What are you hoping for? Are you looking forward to a relaxed summer, vacation time, some changes in your schedule? Visits with family or friends?
What are your expectations?
Expectations tend to vary with each situation or circumstance. Do your expectations tend to be too high so they result in disappointments, stress, even depression when they aren’t met? Are they so low that you avoid or dread situations? Do the expectations create anxiety? (Anxiety is the fear of danger that is not immediately present; a fear of what might happen.)
Are your expectations based on reality, experience, evidence or rather what you think should be, or want it to be, or fear it might be?
The closer we bring the expectations line to the reality line, the more positive or less stressful our experience.
The middle way is finding the place between expectations and reality.
How does this work?
There is a situation (something happens or is planned)
we have thoughts (interpret the situation)
we develop feelings (the result of our thoughts, interpretations)
we create expectations (our thoughts and feelings lead to our expectations)
we engage in behavior (we act or do not act as a result of feelings generated by our expectations)
we develop more feelings because of expectations (excited, glad, cautious, dread, anxious).
Ok, simple! Well perhaps not – when the above results in good outcomes and we are pleased, we have found the middle way. Our expectations were closely in line with reality. When we feel anxious, fearful, severely disappointed, there is too large a gap between our expectations and reality.
When our thoughts interpret situations in ways that cause us to feel anxious, depressed, unable to make decisions, or even lead us to expect “happily, this time it will be different,” we can look at them, examine and challenge them.
Make a list of at least 5 different interpretations – the best possible outcome, the worst possible outcome and three in between. Ask how another would view the situation. This gives us a broader perspective on the situation. Our feelings change as our thoughts change. We may not become glad that the in-laws are coming to spend 2 weeks, but we can lose the dread. With various interpretations, we can see a number of solutions, ways to adjust expectations so the visit will be tolerable. With a more positive attitude, there may even be moments we enjoy because they were part of our best possible outcome, but not an expectation.
The same process works and is needed when we expect, for instance a vacation, to be fabulous. Maybe it will be. Have vacations been great in the past? Who’s going, where are you going, for how long? What has your experience been in these situations? Are you expecting them to be the same? Why or why not? Are there any reasons to adjust your expectations so they more closely fit the reality of this vacation, rather than expect it to be just like the last one? What is your current reality, experience and what is the evidence for whatever your expectations are?
Hopefully you will find something in this article to help you close some expectation gaps and have a wonderful summer!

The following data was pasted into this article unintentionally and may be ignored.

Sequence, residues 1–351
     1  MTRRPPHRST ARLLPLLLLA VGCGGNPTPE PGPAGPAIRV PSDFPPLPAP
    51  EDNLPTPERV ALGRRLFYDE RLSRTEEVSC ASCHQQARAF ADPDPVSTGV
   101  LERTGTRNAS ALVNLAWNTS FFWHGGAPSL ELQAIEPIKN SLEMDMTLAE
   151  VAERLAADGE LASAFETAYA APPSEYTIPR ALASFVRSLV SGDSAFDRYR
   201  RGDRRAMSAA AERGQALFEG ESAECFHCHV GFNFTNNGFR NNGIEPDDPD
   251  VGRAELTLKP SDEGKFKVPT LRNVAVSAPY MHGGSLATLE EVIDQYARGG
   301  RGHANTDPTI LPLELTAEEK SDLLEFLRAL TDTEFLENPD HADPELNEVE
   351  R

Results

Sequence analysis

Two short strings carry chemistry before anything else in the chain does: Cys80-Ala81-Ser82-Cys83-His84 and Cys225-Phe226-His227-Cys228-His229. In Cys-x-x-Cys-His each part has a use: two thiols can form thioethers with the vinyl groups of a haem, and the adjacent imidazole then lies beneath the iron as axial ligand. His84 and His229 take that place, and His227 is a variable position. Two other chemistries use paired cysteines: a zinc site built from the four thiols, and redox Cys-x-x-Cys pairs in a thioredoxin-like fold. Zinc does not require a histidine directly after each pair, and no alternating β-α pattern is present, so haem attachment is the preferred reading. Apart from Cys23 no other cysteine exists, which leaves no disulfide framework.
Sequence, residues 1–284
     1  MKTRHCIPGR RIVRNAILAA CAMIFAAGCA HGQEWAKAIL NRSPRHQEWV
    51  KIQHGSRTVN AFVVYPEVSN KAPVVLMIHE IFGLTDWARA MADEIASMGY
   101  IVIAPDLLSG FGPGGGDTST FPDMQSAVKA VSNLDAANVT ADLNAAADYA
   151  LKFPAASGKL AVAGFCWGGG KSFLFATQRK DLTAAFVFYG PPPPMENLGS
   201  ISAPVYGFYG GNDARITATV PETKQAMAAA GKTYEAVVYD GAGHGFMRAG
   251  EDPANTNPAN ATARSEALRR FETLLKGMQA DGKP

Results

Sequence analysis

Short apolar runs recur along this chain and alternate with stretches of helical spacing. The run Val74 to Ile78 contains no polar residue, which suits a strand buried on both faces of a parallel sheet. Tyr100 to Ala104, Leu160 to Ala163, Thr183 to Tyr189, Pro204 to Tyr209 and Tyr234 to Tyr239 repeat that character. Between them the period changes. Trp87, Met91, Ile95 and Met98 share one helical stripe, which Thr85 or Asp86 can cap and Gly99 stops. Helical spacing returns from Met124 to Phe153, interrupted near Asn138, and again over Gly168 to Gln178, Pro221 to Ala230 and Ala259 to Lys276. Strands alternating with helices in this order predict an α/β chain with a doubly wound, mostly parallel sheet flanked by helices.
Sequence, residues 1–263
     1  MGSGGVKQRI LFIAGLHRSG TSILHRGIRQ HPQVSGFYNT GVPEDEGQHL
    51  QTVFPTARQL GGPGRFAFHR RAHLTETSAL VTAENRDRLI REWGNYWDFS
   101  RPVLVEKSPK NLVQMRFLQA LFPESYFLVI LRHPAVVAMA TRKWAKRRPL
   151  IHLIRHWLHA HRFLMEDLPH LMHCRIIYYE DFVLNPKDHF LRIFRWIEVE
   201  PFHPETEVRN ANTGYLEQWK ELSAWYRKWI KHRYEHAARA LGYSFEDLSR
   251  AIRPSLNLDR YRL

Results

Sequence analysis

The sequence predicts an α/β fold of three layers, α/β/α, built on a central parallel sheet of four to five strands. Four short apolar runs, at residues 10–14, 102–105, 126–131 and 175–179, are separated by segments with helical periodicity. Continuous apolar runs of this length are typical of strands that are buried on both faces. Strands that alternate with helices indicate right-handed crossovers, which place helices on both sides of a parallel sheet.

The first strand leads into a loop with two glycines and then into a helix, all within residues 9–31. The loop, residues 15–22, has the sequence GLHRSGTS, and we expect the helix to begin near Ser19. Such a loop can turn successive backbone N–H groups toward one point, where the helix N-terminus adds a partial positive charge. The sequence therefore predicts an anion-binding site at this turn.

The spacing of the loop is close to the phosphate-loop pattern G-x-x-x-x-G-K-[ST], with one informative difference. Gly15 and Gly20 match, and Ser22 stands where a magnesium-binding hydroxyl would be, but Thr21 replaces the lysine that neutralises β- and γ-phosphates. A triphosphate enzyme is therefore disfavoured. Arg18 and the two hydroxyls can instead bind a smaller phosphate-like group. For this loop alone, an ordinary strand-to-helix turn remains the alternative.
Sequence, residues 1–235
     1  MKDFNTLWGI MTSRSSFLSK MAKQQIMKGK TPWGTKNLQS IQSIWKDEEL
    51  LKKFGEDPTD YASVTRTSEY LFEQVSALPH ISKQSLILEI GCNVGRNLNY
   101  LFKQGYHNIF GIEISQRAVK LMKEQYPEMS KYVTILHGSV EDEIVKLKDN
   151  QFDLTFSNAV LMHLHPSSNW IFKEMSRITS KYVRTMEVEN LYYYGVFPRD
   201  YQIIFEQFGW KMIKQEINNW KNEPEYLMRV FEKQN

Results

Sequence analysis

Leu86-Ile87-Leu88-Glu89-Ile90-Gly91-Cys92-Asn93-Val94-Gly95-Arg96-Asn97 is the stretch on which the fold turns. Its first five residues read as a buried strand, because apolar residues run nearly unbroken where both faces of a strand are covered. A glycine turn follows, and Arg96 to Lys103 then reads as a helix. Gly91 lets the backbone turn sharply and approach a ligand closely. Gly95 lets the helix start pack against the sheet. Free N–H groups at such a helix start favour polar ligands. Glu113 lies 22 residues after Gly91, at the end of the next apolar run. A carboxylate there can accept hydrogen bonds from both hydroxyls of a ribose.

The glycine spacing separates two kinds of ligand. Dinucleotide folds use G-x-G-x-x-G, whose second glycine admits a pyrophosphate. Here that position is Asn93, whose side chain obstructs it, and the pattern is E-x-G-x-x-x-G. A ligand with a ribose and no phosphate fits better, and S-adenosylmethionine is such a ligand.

Remember, I work all year-round and will be here if you would like to make an appointment. Call, text or email me.
Peace and Blessings,
Jeanne Robertson, Ph.D., LMFT, LPC
Director, Center of Counseling and Education
Contact Me Here
COVID cases have decreased.
We are able to do more “normal” things.
Things are “better.”
So why do I feel MORE stressed?
We aren’t really more stressed, we are more AWARE of all the burdens, pressure, work, and responsibilities we are carrying around. As the intensity of COVID, that weight we’ve carried around, lessens we are slightly lighter. Yet because we’ve entered year 3, many feel overwhelmed, at the end of our rope, exhausted, worse.
Have you ever been the driver on a road trip with a car full of people (or alone) and the sky opens in a blinding rain storm? The wipers can’t keep up. There’s no safe place to pull over. You can barely see the road or the lane lines. The tail lights ahead of you are the only beacons that help orient you. Your hands are gripped on the wheel and you are so focused on safely getting to your destination, you need everyone or everything else to be quiet. The downpour lasts a long time, miles and miles.
Finally, the rain begins to lessen and you can see again. You realize your knuckles are white and you feel exhausted. The trip isn’t yet over, though it’s become easier. No, not really easier, just safer. But you’ve used up all your reserves! You become irritable perhaps, see things in a more negative light rather than relief. You have run out of coping skills; they have drained away.
If it’s just a road trip, a good meal and night’s rest may be all you need to be restored. But with two long years of stress, I’m seeing a lot of people who need a bit more. But why now? Just as when someone is deeply depressed, they are incapacitated and unable to ask for or seek help, when the depression lightens just a bit, they become able to reach out. I think that’s what is happening now.
You may realize that you had to put some things on hold and perhaps some situations have worsened with family, friends, self-care, home, work, etc. You may feel overwhelmed, sad, headaches, high blood pressure, frustration, depressed.…
If so, I am here to help. Just text, call, or email me. I would be happy to hear from you. Together we can get through whatever it is.
Director of the St. Paul's Center for Counseling & Education